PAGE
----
If cost isn't an issue, check out the Elite Wood Fire. This 200+ pound behemoth from Memphis Grills costs more than some used cars, but it's fully loaded. Wifi-enabled, an extraordinary temperature range, and a cooking space large enough to be used by a small restaurant - the Elite has it all. The pellet hopper is built to match capacity, with enough fuel space to smoke for up to 62 hours straight.
Now, for the good stuff: do not hesitate to spend an extra or even two bucks for a feature that you will use and appreciate. Consider your pellet grill as an investment, something you are going to buy, and be using and enjoying for years and years to come. Features like meat probes to check the internal temperature of foods are excellent for taking the guess work away from cooking meat to a particular doneness. You will never end up with an overcooked and rubbery, or undercooked and raw steak ever again! Features like smartly designed grills that consume and spread heat evenly are also great for cooking food to perfection without having to move it from side to side to find the right temperature spot.
It may have taken a few years to catch on, but it’s hard to dispute that pellet grills are here to stay. Pellet grills are easily the fastest growing segment in the grilling industry. This has left many new pellet grill owners with a few questions concerning pellets. Chief among them “what constitutes a good pellet?” Second, “where can they find pellets to fuel their prized grill?”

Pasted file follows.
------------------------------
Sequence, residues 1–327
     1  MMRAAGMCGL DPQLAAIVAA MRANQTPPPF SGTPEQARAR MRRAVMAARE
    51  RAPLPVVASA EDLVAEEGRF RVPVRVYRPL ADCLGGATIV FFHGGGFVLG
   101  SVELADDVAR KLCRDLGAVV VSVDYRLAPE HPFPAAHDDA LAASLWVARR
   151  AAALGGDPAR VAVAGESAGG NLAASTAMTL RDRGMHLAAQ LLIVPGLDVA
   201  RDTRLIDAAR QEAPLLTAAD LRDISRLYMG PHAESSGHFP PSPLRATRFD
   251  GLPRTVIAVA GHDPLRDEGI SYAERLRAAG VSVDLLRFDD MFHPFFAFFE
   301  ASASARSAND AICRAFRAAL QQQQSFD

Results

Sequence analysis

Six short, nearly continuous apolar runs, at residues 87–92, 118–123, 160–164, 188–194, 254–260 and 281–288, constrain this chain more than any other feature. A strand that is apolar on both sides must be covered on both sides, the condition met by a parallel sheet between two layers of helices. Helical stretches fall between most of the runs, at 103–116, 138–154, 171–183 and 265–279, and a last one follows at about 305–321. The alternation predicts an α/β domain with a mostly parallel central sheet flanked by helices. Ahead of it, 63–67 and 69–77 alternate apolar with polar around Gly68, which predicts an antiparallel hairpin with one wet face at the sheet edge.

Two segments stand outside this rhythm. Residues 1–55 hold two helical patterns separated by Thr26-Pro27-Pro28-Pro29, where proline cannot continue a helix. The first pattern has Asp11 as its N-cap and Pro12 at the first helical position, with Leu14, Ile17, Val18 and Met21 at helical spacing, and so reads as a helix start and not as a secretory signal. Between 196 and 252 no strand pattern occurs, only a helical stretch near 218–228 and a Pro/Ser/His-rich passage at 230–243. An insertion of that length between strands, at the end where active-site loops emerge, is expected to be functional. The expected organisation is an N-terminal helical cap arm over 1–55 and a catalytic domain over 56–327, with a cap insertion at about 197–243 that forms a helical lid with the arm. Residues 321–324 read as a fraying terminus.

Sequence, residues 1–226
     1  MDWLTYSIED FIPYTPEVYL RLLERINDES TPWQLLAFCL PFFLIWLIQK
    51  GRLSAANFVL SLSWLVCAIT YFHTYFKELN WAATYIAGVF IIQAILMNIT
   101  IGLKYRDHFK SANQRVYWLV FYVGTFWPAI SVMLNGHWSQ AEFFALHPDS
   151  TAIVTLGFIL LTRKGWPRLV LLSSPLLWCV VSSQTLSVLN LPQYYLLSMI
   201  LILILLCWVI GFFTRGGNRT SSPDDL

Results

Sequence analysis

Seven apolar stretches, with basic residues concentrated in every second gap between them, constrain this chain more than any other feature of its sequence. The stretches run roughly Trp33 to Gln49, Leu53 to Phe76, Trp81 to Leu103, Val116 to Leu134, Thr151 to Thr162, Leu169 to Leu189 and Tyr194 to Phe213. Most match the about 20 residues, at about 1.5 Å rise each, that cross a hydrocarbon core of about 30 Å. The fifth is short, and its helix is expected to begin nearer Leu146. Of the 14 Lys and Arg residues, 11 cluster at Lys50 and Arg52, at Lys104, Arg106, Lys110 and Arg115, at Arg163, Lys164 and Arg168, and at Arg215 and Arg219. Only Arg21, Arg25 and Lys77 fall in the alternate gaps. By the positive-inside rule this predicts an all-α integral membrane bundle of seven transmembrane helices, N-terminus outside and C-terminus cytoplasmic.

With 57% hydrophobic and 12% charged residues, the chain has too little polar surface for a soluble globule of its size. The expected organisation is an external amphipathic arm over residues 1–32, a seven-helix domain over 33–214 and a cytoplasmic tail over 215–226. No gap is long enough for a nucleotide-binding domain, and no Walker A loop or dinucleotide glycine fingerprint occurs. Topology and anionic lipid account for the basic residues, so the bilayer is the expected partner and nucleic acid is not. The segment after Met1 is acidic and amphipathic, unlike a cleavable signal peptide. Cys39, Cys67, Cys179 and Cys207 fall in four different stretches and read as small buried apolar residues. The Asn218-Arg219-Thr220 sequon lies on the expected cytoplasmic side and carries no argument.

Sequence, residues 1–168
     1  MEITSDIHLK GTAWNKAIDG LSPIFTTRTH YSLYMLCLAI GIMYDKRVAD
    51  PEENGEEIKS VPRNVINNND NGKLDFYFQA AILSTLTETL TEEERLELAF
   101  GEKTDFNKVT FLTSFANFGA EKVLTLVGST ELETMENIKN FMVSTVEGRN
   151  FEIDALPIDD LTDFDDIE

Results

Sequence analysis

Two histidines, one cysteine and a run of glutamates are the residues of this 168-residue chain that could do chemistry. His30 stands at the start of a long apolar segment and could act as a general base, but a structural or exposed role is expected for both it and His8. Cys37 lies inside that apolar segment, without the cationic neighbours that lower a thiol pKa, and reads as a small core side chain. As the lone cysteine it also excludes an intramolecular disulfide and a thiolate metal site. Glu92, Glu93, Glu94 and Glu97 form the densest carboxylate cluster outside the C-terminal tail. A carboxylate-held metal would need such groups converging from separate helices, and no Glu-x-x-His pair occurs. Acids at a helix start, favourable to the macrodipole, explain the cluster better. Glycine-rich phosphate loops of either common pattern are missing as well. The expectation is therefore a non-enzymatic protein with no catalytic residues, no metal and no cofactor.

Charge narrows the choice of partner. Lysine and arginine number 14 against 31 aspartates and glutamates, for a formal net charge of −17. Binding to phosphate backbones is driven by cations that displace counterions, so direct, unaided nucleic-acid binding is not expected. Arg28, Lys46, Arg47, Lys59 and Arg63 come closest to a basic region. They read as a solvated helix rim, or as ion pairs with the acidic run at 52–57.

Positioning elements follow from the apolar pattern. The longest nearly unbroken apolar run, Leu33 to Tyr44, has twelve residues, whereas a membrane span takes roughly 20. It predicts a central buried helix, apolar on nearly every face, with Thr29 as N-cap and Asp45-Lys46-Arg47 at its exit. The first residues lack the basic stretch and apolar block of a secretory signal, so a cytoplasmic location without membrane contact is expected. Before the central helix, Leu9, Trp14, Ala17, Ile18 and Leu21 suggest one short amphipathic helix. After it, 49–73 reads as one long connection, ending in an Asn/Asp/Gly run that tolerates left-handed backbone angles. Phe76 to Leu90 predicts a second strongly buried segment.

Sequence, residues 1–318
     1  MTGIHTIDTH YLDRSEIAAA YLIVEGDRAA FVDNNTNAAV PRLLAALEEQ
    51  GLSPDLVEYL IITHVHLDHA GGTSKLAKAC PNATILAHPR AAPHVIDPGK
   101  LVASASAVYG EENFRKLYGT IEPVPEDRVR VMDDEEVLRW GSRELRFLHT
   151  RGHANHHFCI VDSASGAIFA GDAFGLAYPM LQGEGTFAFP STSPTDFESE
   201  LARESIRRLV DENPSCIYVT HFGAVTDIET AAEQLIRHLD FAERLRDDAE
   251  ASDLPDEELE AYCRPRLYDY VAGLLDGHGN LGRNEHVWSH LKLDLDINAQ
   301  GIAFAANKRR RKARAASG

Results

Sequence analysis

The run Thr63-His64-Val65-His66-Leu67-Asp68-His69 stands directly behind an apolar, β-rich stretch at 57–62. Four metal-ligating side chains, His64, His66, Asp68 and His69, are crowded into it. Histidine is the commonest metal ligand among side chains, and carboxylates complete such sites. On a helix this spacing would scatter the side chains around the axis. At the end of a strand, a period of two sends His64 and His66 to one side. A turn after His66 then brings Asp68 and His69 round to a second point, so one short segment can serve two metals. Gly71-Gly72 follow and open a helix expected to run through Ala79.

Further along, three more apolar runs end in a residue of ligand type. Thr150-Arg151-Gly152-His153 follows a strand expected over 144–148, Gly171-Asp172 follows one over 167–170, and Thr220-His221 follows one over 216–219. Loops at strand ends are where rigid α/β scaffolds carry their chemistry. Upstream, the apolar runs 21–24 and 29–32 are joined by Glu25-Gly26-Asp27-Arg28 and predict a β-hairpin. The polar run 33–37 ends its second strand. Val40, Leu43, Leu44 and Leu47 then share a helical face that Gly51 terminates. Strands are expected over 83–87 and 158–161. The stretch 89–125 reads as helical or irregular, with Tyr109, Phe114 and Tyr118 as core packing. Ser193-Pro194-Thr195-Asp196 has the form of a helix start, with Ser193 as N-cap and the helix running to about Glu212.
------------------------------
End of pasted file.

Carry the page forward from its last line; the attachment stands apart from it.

As you could probably guess from the name of these smokers, they run by burning wooden pellets. Typically, a pellet smoker comes with a hopper on the side where the pellets are added. When you turn on the smoker, pellets will move from a hopper to a burn pot where they will be burned and the smoke will be diffused by a fan. A thermostat measures the temperature of the grill and determines how many pellets to burn while keeping a consistent temperature.
From grilled beef, salmons to grilled turkeys I love them all. My passion for grilling delicacy gradually built during the time I was living with my parents. My family members especially my mother was a great fan of grilled dishes to and from the love of food. I started preparing smoked food with my mom. This bonding helped me to know more and more about to smoke, grill delicacies and also with smokers. So, in a word you can tell me a BBQ lover.
Thanks for your question! I think you’ve actually selected the grill that I’d recommend too. The Camp Chef pretty much has it all. It’s quality, it’s priced nicely, it does a great job smoking… and honestly, that ash cleanout feature is pretty much something that I wouldn’t want to do without. Especially if you’re new to pellet grilling, anything that makes the job smoother and simpler will be appreciated!
Just what I needed for my Traeger Pro 22. Fits like a glove, simple install, and makes adding and pulling rib racks off the smoker much easier. No longer a balancing act trying to get a tray to stay put on top of the pellet hopper lid. This also fits perfectly under Traeger's cover for the Pro 22 models. Have to be a little care you dont pinch your fingers when folding it down (would be a nice future mod if it could somehow be spring assisted), but thats my only gripe.